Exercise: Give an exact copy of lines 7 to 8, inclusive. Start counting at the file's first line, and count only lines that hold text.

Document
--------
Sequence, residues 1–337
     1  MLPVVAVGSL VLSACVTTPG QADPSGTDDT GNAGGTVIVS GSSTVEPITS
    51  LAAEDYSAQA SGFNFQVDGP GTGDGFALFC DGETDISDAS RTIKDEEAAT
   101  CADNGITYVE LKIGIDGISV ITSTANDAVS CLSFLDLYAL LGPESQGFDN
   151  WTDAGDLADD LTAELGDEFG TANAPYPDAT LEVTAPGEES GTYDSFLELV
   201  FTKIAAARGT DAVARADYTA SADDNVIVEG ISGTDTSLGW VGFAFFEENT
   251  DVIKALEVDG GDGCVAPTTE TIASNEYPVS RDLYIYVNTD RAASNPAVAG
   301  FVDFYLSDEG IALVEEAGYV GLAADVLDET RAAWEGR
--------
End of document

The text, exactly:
   251  DVIKALEVDG GDGCVAPTTE TIASNEYPVS RDLYIYVNTD RAASNPAVAG
   301  FVDFYLSDEG IALVEEAGYV GLAADVLDET RAAWEGR